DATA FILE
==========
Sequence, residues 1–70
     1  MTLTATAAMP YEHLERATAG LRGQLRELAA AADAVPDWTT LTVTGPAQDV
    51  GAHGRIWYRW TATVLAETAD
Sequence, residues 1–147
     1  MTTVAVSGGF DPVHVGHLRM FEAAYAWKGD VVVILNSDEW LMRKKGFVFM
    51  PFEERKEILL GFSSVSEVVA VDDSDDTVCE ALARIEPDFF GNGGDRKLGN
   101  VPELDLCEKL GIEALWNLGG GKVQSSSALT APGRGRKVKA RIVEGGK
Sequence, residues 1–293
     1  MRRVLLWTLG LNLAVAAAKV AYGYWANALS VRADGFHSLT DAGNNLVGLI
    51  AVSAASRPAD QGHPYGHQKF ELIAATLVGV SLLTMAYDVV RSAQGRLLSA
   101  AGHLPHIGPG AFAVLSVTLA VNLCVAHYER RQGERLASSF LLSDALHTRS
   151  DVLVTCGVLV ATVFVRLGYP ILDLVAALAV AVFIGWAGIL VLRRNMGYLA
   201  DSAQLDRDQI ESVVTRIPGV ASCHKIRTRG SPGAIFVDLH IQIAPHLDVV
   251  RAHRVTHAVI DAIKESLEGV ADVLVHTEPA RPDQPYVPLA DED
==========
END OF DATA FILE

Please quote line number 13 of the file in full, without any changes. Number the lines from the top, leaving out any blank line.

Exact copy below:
   201  DSAQLDRDQI ESVVTRIPGV ASCHKIRTRG SPGAIFVDLH IQIAPHLDVV